Thursday, 10th April 2014

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Fourteen of our primary schools will have their budgets cut if new reforms are passed, and while two will benefit it'll mean a £180,000 net loss for North Down.
Right now the government basically gives schools money according to the number of pupils they have, with each pupil attracting about the same amount of cash. The reforms will mean that schools would get extra money for every child they enrol who qualifies for free school meals because their parents are on low incomes - but to do that cash will be taken away from children who don't qualify for free meals, which means almost all of our primaries take a hit.

But us lot in the Spectator are wondering, where do you want to go from here? Are you so angry you're planning a protest outside the Department of Education, or do you think schools in less well off regions deserve the extra? Should the Education Minister drop the reforms or do you reckon they'll work out for the best in the long run? And what about the wider issues - is this the squeezed middle under attack again, or a vital move to help people in deprived areas? Tell us what you think!
  • Paul Flowers
    more than a month ago
    There is a reason why Northern Ireland traditionally outperforms in national exams and that starts in primary schools.
    Diluting their effectiveness can only harm the country's prospects in the long run and further disullusion families who already believe they are the ignored majority.
  • more than a month ago
    The main site almost looks deliberate in its' complexity..... and there is a very short time scale to get your voice heard. Here is another direct link: create an account (which is very simple and instant) then answer the questions, Question 3c is the critical one.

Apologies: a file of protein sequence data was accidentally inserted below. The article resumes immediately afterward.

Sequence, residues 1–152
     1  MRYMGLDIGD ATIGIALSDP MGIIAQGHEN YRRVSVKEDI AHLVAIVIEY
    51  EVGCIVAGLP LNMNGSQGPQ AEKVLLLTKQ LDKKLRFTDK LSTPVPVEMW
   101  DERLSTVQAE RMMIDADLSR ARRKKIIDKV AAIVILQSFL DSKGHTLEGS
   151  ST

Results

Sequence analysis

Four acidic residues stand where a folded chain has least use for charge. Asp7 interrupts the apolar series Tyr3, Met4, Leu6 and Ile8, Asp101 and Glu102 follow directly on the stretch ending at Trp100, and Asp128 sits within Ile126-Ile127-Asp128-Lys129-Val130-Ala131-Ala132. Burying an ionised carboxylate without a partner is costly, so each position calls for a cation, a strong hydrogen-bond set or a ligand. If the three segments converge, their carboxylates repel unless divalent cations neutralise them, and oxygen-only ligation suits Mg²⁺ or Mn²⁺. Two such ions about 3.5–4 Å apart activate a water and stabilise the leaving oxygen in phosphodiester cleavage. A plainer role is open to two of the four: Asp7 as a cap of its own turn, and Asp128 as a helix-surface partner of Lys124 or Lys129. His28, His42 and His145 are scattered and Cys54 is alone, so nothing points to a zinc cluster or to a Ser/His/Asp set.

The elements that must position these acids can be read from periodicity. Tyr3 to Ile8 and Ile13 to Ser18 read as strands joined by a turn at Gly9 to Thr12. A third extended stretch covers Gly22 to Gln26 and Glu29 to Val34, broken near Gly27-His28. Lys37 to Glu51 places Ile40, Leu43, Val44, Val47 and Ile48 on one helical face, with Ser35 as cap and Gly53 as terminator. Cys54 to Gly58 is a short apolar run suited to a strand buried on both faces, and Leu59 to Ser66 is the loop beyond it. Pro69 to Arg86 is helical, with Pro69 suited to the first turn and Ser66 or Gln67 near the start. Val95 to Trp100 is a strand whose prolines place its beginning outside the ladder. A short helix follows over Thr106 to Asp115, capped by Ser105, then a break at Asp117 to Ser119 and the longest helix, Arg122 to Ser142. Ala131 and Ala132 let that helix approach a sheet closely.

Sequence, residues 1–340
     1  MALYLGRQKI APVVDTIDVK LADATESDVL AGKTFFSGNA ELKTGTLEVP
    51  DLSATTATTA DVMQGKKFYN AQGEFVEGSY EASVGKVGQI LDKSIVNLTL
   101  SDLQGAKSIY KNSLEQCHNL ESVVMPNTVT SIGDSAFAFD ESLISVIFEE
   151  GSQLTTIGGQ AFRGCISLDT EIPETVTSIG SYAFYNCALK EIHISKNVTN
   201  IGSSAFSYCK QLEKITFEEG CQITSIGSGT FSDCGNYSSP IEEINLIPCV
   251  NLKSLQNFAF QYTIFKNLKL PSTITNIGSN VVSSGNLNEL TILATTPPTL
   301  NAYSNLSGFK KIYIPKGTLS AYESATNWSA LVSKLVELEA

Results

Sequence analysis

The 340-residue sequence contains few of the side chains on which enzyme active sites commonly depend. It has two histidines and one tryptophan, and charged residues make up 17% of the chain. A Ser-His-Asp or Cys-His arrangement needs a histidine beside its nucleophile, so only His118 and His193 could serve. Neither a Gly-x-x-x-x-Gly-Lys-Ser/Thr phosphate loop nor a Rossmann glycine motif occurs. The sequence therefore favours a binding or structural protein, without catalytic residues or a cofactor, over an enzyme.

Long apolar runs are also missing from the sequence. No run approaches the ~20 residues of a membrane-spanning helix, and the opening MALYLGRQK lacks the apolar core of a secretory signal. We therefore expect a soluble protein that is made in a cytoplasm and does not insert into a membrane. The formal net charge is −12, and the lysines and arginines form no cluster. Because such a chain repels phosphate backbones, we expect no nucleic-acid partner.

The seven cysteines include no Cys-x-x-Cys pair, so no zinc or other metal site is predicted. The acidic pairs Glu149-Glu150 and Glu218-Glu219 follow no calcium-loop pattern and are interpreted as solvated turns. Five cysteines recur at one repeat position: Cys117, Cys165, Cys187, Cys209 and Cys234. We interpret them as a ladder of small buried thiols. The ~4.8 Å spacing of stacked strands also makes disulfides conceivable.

Responses (1)
  • Accepted Answer

    Sunday, September 29 2013, 12:13 PM - #Permalink
    Why does a child who qualifies for free school meals need more money spent on his / her education than a child with working parents? Surely all our children should be entitled to equality within the classroom? The same educational opportunities, resources, learning environment, standard of teaching and learning support should be available to all children, irrespective of parental income. We certainly should not be taking funding away from the schools where there are less children entitled to free meals in order to boost the schools where there are more. It seems as if the children of working parents are to be penalised for actually going out to work and earning money. Do we want to teach our children that the more you do, the less you are "entitled" to? I am not criticising any family that is on benefits, I just don't see why the children of working parents should go without in the school context to further subsidise the children who are already getting free school meals, guaranteed places in the schools of their choice and parents who can be there to pick them up from school everyday and do their homework with them.
    Not sure what can be done about these proposals, but they do not seem to be fair.
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